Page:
Eric Johnson

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Will Wright at Augmented Reality Conference: Don’t Augment Reality, Decimate It

“More than augmented reality, I want customized reality.”

— Will Wright, creator of Sim City and The Sims, speaking at the Augmented World Expo Jun. 4

At the Augmented World Expo this week in Santa Clara, Calif., the augmented reality industry is out in force showing off how technology can be layered over the real world rather than living only on a screen.

The speeches and demos include billboards that come to life when viewed through a smartphone camera, wearable Google Glass-esque computers that project apps onto the real world and hanging projectors that let you tap on virtual objects on a normal table, or even see where your next pool shot is going to go.

20130604-144906.jpgBut maybe that’s the wrong way to think about augmented reality, said Will Wright. Speaking as an outsider who’s very interested in AR, the creator of Sim City and The Sims delivered a funny and fast-paced keynote address on the first day of the conference. His argument: We already have TMI — that’s “too much information,” for those of you over 60 — and adding more information isn’t necessarily the answer.

Wright characterized AR as having great potential, but that current offerings feel like solutions searching for problems to solve. From his perspective, he said, the goal should be to turn “actual reality … into entertainment” rather than, for example, projecting a 3-D zombie character on top of the world.

He speculated that most of what humans call “intelligence” is really just the brain’s ability to filter irrelevance out of the constant barrage of information it receives every second.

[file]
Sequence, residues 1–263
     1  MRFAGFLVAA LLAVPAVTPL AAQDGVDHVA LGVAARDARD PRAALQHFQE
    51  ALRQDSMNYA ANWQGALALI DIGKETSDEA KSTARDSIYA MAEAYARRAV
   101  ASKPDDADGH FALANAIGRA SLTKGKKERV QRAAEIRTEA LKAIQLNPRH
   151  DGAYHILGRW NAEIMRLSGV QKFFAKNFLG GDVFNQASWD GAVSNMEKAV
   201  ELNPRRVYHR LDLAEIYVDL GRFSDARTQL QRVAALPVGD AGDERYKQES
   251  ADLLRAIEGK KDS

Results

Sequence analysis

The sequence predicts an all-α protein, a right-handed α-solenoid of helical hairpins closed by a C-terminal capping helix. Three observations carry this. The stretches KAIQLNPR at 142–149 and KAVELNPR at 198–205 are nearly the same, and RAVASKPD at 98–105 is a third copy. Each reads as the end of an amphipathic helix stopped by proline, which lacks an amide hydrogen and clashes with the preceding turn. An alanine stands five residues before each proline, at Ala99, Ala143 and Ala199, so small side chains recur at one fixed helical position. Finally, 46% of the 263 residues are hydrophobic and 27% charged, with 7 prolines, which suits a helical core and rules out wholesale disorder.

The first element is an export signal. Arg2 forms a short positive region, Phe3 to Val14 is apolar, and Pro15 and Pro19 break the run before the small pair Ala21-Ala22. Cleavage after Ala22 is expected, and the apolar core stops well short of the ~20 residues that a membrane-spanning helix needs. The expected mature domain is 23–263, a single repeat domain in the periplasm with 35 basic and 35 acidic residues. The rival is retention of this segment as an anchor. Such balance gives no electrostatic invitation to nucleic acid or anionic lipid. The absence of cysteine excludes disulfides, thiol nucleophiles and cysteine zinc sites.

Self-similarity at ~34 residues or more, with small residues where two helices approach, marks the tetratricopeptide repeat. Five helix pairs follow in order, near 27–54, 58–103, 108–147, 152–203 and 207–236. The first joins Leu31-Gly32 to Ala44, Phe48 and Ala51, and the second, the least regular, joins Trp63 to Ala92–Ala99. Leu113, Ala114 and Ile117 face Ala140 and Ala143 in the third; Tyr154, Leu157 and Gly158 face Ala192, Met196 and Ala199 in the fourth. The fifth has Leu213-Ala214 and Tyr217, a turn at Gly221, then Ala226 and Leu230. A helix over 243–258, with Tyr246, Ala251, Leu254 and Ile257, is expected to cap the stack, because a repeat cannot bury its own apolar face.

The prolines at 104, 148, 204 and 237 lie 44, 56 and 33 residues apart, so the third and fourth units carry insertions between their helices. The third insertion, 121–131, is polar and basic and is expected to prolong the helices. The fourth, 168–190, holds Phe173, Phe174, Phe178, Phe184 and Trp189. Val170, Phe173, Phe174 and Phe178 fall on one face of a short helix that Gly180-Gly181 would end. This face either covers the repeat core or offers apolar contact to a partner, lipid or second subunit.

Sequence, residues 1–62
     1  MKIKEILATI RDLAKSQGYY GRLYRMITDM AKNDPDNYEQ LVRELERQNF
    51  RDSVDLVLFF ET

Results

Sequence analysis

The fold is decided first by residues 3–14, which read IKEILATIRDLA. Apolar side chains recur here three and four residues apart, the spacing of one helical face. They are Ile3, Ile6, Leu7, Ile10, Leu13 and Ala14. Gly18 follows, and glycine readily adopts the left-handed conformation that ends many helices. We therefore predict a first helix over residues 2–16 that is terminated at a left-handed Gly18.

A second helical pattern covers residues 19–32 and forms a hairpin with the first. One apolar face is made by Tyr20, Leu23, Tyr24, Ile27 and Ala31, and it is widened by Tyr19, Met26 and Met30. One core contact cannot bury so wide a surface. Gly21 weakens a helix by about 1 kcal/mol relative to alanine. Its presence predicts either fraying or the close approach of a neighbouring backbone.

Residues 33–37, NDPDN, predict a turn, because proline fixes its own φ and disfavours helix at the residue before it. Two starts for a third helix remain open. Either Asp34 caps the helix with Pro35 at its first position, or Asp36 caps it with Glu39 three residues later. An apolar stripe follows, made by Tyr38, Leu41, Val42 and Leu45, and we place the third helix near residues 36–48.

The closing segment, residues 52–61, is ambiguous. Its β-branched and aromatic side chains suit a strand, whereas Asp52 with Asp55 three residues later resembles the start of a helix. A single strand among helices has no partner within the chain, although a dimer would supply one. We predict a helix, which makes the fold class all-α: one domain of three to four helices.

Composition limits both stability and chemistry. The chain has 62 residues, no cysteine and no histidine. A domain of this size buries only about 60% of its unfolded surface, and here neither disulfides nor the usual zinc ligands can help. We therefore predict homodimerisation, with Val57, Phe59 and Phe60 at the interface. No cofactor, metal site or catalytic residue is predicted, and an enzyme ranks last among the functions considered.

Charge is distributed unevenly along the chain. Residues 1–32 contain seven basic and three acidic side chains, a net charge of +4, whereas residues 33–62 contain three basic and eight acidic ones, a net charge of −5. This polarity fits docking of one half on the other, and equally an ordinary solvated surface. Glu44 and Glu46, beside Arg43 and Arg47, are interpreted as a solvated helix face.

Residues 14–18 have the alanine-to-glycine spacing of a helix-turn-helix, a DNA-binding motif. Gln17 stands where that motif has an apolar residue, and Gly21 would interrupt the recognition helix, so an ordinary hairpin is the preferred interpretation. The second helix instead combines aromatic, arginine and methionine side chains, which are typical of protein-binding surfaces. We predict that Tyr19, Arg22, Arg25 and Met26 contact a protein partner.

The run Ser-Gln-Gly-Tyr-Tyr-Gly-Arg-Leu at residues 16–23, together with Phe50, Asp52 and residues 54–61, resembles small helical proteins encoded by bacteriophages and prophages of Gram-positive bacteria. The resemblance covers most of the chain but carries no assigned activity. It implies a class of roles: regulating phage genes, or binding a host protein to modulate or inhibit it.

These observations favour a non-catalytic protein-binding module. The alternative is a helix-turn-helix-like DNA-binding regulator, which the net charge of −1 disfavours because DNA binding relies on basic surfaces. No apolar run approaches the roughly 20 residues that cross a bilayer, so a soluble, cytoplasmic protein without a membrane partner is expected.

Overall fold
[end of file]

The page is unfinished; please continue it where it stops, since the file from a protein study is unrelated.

“Rather than trying to augment reality, maybe the future is decimated reality,” he said.

By “decimated reality,” Wright means technology that can do even more filtering than the brain already does automatically, and thereby show less information, not more. So, car commuters might have a filter between themselves and the road that blocks out all road signs except the ones that matter to them.

More humorously, Wright pitched the Amish as perfect beta testers for decimated reality, since they’re well practiced in subtracting from the technology available to them. He showed a crudely photoshopped picture of an Amish person wearing (not actually available) glasses that replace a modern, technological city with a simpler black-and-white town.

Amish glasses are among the sillier ideas being batted about in the AR industry — and that’s saying something. But Wright’s point, and something that other speakers and exhibitors at this conference have echoed, is that the currently limited technology need not be undercut by ambitions that pass for “realistic” today.

Those sort of ambitions, he said, also colored the pitches of Alexander Graham Bell, who predicted more than a century ago that, one day, there would be a telephone in “every major town” in America.

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Another gadget you don’t really need. Will not work once you get it home. New model out in 4 weeks. Battery life is too short to be of any use.

— From the fact sheet for a fake product entitled Useless Plasticbox 1.2 (an actual empty plastic box) placed in L.A.-area Best Buy stores by an artist called Plastic Jesus